To achieve motivation it is important that the training connects to existing competences or those that still could be developed. Much too often measurements at the starting point are taken down as a list of things a sub cannot do. Choose a positive approach and focus on what she can do and where there is room for improvement.
The main goal
John thinks it is possible to train Ella in such a way that – in twelve months time – Ella can orgasm from being beaten by a whip without any stimulation of her pussy or the pelvic region. (A) John is in fact quite sure about succeeding but Ella is sceptic. This goal is much too complicated and too far away to build a motivation.
John decides to break up the main goal into short-term goals. (B)
He states that after 2 months Ella should have learned to withstand pain stimuli from a bullwhip on buttocks, belly, back and breasts for a period of at least 15 minutes.
After 4 months Ella should have learned how to process pain better as a positive stimulus or positive energy.
After 5 months Ella should have learned how to eroticise pain stimuli and how she can move these stimuli from the pace on the skin where it was applied originally to her erogenous zones. And so forth.
In the last two months Ella will have to learn how to link the pleasure of pain (that what it has become through previous training) to the pleasure from stimulation of clit or labia.
For Ella these are all minor goals that look achievable; she will concentrate on the first short-term goal that lies ahead and she sees that as realistic. She will deal with the realism of the next short-term goal in 2 months time. She will be motivated more.
Stating actions that can lead to achieving short term goals
John figures out how to achieve that Ella can withstand the bullwhip for 15 minutes. (C) He decides to start with a ‘milder weapon’ the riding crop and not for 15 but for 5 minutes. Each next training he switches to a heavier pain stimulus, (riding crop, flogger, cat-o-nine, chain-whip, single-tail, bull-whip) as well as slowly decreasing the amount of time. Of course he can mix these actions with actions to achieve other goals. Ella will be extra motivated if she hears about this for these concrete actions are much easier to comprehend.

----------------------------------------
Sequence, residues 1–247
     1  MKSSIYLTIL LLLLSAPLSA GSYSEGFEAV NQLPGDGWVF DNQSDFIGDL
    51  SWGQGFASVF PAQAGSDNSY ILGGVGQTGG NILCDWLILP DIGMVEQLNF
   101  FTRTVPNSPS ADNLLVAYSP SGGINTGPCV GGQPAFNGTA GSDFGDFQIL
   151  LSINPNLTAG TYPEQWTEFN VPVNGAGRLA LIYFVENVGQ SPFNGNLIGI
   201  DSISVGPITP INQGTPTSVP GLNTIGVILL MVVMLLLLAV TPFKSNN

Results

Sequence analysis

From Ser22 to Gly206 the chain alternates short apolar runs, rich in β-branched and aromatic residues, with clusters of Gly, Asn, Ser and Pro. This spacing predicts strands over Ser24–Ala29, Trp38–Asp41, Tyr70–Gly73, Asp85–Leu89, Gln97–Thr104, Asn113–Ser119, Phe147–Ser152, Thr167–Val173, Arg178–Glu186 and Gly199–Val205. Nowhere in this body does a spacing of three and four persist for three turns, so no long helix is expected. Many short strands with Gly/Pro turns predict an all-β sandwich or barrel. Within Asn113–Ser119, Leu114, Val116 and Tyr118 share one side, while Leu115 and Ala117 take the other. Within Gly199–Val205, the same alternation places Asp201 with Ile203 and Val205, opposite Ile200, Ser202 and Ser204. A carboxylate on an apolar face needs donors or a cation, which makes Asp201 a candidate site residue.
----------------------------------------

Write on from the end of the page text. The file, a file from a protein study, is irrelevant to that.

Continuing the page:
Before any training John writes down what he will do that specific day: seven minutes with the cat-o-nine. (D) At the end of the training he will evaluate (with or without Ella) if she has accomplished without tears or screaming. (Training goal)
Actions that help achieving the training goal
He will describe precisely how he is going to achieve them. (E) In this example the specific action is almost the same as the description of the training goal.
Evaluation of training goal
At the end of the training, evaluation follows. (F) He can evaluate together with Ella or even go with her judgement alone.
As long as the training goal is not achieves parts of the actions need to be repeated and written down as an assignment for the next training session. (G) The remaining things on the ‘to do’ list form the first part of the next training.
Evaluation learning goal and shifting remaining actions
After two months John checks if Ella can indeed sustain the bull-whip for fifteen minutes. (H) He could submit Ella to a test or an ‘exam’. If Ella doesn’t pass a part of this short term goal will be shifted to the next period of two months. (I)
Automation of behaviour
To round this off I want to point out the following. Especially with the building of bridges (associations) but also with other skills obtained through training; they need maintenance. Remember that if we are talking about ‘learned’ behaviour it could be ‘unlearned’ or forgotten. Once a skill is or behaviour is learned through training it needs to be retrained after time to automate it. (J) Once conditioned behaviour is automated it will last for years.
It is quite easy to learn a sub – who is not used to do that – through training, to use ‘Sir’ every time she answers a question. She will however easily make the old mistake again after a while for the use of the word ‘Sir’ is no longer rewarded. After repetition of training it is however automated and she will never forget it again.
Singular training sessions
Instead of the described training program it is of course possible to do single training sessions on one particular item. One can start with section D immediately. However never skip the intake section; it is useless trying to train a sub in things she doesn’t have the capacities or competences for. It is a waste of time and leads to frustration with both sub and trainer.
The only difference between singular sessions and a training program is that the former is not part of a pre defined long term plan or goal.